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For Nadine Griffiths, Women’s College Hospital is the place that helped her find what she’d been searching for her whole life: the ability to believe in herself. A patient of WCH’s Women’s Mental Health Program, a global leader in treating and researching the unique mental health challenges faced by women, Nadine says that the caring and support she receives at the hospital have profoundly changed her life and outlook.
“Since I started coming here, I feel like I can breathe,” she says. “I felt so lost until I got here. Now I know I’m not alone, and I’m not afraid to talk about what happened to me. I’ve learned to just believe in myself. I have learned value – my value.”
Nadine’s journey to better health began last year, when her world came crashing down around her. A 48-year-old mom of two daughters, she was in the middle of an average work day when she suddenly began crying and shaking uncontrollably. Initially thinking the pressure of her job was taking a toll on her, Nadine quickly realized what was happening: her past had caught up with her.
While growing up in Jamaica, Nadine suffered repeated sexual and physical abuse at the hands of her aunt and her aunt's husband, her primary caregivers. To escape the horror she faced, she would often run away to her grandmother’s house. There, she says, her aunt would always find her – and bring her straight back home.
“My aunt would come and get me,” says Nadine. “Her husband would molest me and then my aunt would beat me at night if I didn’t clean the house.”
At age 21, Nadine escaped her abusers for good by moving to Canada with her four-year-old daughter. A loving, outgoing person, Nadine couldn’t understand why she felt so sad after settling into her new life. For years, she struggled to find the motivation to go out with friends, explore Toronto or simply enjoy life. Most of the time, she wished she could just stay in bed.
Worst of all, Nadine felt that she had no one to turn to – no one who understood what was happening to her. She says that in her culture, mental illness is highly stigmatized and rarely discussed – a big reason why she didn’t seek help until her depression almost killed her.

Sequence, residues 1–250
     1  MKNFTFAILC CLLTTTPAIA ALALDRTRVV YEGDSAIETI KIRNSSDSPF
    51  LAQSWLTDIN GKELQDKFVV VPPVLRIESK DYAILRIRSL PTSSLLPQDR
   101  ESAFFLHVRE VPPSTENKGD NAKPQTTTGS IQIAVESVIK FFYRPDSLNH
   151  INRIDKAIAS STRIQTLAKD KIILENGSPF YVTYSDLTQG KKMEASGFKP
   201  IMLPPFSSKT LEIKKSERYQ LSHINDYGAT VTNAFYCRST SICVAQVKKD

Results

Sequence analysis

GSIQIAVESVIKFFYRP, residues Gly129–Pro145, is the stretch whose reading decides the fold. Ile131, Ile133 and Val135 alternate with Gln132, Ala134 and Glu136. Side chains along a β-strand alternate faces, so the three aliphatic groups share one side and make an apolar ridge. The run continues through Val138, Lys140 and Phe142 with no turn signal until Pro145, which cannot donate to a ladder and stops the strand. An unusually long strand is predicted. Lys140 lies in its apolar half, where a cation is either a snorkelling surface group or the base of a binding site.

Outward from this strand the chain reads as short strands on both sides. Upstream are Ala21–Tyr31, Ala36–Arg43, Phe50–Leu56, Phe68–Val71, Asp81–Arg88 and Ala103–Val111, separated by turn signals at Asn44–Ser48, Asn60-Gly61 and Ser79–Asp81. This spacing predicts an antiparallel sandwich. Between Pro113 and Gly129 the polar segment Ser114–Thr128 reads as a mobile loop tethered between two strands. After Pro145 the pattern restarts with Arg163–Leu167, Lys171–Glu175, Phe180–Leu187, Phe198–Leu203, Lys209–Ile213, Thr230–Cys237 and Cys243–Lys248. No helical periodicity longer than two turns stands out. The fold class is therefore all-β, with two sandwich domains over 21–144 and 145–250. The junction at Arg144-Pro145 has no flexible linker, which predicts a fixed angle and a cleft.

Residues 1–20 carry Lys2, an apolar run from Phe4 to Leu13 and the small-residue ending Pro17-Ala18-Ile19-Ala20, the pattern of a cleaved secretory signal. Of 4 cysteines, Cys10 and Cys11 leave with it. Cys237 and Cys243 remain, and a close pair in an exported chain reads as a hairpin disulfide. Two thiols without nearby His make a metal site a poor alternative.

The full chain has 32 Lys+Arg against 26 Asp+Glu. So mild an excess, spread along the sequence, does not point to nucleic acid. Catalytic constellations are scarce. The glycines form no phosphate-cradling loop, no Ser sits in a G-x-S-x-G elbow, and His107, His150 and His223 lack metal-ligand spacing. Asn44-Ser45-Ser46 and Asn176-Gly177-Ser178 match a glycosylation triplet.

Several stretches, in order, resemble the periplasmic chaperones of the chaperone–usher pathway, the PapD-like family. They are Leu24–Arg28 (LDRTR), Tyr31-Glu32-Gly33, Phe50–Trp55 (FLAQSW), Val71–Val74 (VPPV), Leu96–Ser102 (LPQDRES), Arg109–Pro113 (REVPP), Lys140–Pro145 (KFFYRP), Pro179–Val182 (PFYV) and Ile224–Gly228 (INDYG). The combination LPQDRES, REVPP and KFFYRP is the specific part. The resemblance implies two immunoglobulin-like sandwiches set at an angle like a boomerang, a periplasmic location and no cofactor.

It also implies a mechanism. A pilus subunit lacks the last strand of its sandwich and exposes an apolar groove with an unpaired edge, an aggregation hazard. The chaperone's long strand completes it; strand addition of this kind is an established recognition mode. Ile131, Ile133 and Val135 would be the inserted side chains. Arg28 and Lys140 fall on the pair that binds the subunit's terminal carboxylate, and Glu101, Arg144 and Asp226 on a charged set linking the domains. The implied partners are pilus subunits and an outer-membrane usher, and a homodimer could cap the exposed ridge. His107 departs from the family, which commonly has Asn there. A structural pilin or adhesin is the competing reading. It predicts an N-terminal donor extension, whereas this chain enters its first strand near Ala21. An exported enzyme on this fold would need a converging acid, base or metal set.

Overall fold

After her panic attack that day at work, Nadine says her feelings of loneliness, alienation and hopelessness grew much worse. “I sat at home and started drinking, feeling sorry for myself,” she says. “I asked God, ‘Can you just kill me so I won’t suffer like this?’ I was ashamed to tell anyone I was suffering. It was terrible.”
One day, when she was at her lowest point, Nadine found the courage to talk to a friend who had recently been diagnosed with bipolar disorder. He encouraged her to talk to her doctor. She did, and her journey to healing began.
Nadine’s family doctor referred her to Women’s College Hospital, where she began bi-weekly sessions with psychiatrist Dr. Jennifer Hensel. In addition to their regular meetings, Dr. Hensel felt Nadine would benefit from WCH’s group therapy program and helped her enroll.
With its women-focused care and welcoming, patient-centred environment, WCH proved to be the perfect fit for Nadine. Her past trauma makes her uncomfortable receiving care from men, and the community-based mental health programs she was initially referred to weren’t able to provide the depth of relationship-based support she truly needed.
Removing barriers to help women access better mental healthcare is a key focus of WCH’s Women’s Mental Health Program. As Canada’s largest mental health clinical and research program focused specifically on women, it includes general psychiatry, group therapy programs, virtual online support and much more to help women and their families receive the world-class support they need to live healthier, stronger lives.
“This place here, I can come here and it helps me feel normal again,” says Nadine. “Dr. Hensel is a really amazing doctor. She doesn’t just leave me to figure things out on my own; we work things out together and she helps me understand things about myself that I didn’t see before.”
Nadine wants the world to know that help is out there for others who are suffering – that the mental health services offered by Women’s College Hospital and other organizations are changing lives.
“I just want to reach out to people and say if I can do it, you can do it. Don’t be afraid. It’s nothing to be ashamed of. You’re in a country where you have so much help available to you. Women’s College Hospital is here to help and that’s what’s given me hope.”
For more information about WCH’s mental health programs, please click here
. If you are interested in becoming a patient, please speak to your doctor to learn more and get a referral.